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Differential TTL is a type of binary electrical signaling based on the TTL (transistor-transistor logic) standard. Normal TTL signals are single-ended, which means that each signal consists of a voltage on one wire, referenced to a system ground. The "low" voltage level is zero to 0.8 volts, and the "high" voltage level is 2 volts to 5 volts. A differential TTL signal consists of two such wires, also referenced to a system ground. The logic level on one wire is always the complement of the other. The principle is similar to that of low-voltage differential signaling (LVDS), but with different voltage levels, and even more similar to the RS-422 standard.
Differential TTL is used in preference to single-ended TTL for long-distance signaling. In a long cable, stray electromagnetic fields in the environment, or stray currents in the system ground, can induce unwanted voltages that cause errors at the receiver. With a differential pair of wires, roughly the same unwanted voltage is induced in each wire. The receiver subtracts the voltages on the two wires, so that the unwanted voltage disappears, and only the voltage created by the driver remains.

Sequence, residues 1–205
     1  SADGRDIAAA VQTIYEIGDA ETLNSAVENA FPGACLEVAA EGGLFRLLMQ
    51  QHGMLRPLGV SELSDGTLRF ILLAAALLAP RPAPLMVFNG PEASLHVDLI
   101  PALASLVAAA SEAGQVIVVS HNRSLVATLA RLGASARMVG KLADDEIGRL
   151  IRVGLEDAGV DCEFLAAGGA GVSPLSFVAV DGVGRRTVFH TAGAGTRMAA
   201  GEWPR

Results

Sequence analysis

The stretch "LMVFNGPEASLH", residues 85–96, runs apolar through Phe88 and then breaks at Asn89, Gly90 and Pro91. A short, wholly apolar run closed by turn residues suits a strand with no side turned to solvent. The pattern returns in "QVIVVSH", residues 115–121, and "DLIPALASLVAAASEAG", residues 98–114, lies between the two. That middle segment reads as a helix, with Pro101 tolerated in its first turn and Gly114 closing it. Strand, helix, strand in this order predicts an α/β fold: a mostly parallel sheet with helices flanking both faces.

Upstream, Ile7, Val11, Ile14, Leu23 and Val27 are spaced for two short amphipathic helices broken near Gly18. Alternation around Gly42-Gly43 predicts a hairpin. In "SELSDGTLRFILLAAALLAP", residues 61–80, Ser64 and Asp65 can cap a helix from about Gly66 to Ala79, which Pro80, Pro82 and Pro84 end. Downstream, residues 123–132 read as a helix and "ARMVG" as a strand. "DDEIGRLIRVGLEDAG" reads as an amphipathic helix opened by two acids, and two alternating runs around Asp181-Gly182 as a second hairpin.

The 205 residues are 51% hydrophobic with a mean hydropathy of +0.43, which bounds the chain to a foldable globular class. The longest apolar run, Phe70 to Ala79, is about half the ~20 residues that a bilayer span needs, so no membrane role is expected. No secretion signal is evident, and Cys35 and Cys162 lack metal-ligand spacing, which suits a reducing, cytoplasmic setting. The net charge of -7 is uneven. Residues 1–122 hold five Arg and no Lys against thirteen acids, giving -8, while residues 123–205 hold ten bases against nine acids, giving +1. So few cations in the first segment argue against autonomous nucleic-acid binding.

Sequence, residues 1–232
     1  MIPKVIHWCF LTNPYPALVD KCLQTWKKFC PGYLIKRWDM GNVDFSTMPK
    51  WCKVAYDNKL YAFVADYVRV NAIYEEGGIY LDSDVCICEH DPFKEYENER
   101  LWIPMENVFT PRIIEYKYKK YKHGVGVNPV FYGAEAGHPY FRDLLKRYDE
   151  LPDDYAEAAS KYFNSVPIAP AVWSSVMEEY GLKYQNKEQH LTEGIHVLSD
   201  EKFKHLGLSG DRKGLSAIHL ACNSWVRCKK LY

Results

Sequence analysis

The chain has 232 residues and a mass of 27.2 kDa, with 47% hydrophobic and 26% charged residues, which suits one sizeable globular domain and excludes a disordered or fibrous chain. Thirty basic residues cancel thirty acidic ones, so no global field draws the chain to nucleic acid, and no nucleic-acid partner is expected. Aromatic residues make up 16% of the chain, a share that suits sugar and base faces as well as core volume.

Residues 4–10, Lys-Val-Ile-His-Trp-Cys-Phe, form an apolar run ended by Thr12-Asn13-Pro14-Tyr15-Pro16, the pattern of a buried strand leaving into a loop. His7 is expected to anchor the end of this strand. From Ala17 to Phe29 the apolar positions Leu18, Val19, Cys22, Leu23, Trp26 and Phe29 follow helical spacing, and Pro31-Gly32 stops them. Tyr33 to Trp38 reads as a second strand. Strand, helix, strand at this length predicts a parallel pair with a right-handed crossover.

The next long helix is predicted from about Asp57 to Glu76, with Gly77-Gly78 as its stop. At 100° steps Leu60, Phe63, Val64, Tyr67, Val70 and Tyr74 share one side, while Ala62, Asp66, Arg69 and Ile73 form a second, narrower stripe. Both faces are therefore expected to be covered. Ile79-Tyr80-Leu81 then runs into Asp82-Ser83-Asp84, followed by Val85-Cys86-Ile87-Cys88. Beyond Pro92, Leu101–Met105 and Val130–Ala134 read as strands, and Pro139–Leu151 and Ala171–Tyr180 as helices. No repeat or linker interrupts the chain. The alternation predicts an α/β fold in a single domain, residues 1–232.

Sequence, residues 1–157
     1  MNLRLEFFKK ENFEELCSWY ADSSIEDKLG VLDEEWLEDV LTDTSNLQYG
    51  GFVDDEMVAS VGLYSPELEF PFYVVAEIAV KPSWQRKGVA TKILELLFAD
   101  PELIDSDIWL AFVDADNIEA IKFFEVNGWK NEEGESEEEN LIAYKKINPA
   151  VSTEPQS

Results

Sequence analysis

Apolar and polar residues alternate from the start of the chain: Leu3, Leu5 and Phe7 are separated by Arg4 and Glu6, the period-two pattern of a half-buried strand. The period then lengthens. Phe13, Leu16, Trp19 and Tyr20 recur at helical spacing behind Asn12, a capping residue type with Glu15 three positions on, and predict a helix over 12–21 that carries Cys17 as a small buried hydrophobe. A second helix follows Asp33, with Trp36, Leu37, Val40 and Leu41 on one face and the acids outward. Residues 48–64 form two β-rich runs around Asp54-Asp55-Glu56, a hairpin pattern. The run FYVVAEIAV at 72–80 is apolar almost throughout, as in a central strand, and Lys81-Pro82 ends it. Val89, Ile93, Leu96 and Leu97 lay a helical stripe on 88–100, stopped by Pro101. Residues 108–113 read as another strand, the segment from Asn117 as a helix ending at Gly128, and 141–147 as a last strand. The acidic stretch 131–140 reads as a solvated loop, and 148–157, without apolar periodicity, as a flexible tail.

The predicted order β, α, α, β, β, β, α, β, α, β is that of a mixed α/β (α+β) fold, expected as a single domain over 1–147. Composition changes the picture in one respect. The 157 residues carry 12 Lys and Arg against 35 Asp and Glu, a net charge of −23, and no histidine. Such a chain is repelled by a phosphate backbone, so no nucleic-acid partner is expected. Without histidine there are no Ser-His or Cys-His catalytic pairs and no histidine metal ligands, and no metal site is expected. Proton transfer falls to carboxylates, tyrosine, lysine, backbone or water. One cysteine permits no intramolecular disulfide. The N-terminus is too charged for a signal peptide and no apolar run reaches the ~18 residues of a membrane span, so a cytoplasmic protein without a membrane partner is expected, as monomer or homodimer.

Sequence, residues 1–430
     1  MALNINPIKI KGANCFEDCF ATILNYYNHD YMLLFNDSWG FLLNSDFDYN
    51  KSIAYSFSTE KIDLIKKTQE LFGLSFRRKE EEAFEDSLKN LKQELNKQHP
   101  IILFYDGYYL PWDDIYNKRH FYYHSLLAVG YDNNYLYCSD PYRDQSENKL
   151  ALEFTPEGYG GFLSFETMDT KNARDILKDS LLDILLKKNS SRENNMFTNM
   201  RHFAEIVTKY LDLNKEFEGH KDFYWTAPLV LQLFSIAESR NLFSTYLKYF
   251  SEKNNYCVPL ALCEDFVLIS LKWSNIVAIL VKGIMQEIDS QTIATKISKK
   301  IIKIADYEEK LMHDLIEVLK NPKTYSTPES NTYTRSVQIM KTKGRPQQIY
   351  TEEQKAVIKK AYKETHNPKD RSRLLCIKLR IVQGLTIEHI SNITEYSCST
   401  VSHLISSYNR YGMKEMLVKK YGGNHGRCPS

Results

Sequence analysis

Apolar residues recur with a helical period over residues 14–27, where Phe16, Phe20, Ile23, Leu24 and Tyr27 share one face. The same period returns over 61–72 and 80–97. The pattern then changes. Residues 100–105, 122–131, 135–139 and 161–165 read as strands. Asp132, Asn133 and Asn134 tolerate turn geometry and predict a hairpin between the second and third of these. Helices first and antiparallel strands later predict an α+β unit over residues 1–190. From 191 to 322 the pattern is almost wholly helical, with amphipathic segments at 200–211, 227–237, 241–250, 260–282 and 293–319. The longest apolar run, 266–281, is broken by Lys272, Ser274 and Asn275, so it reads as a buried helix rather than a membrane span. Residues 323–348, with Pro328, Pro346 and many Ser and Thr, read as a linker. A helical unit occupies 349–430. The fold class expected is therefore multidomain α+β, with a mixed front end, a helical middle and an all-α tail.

A second advantage of differential TTL, when correctly terminated, is that the differential pair of wires forms a current loop. The driver sources a current from the power supply into one wire. This current passes along the wire to the receiver, through the termination resistor and back up the other wire, then back through the driver and down to ground. No net current is exchanged between the driver and receiver, which means that none of the signal current has to return through the ground connection (if there is one) between the two ends. This arrangement prevents the signal from injecting currents into the ground connection, which might upset other circuits attached to it.
Differential TTL signaling was used in the Serial Storage Architecture (SSA) standard devised by IBM, but this is mostly obsolete. More efficient signaling techniques such as LVDS are now used instead.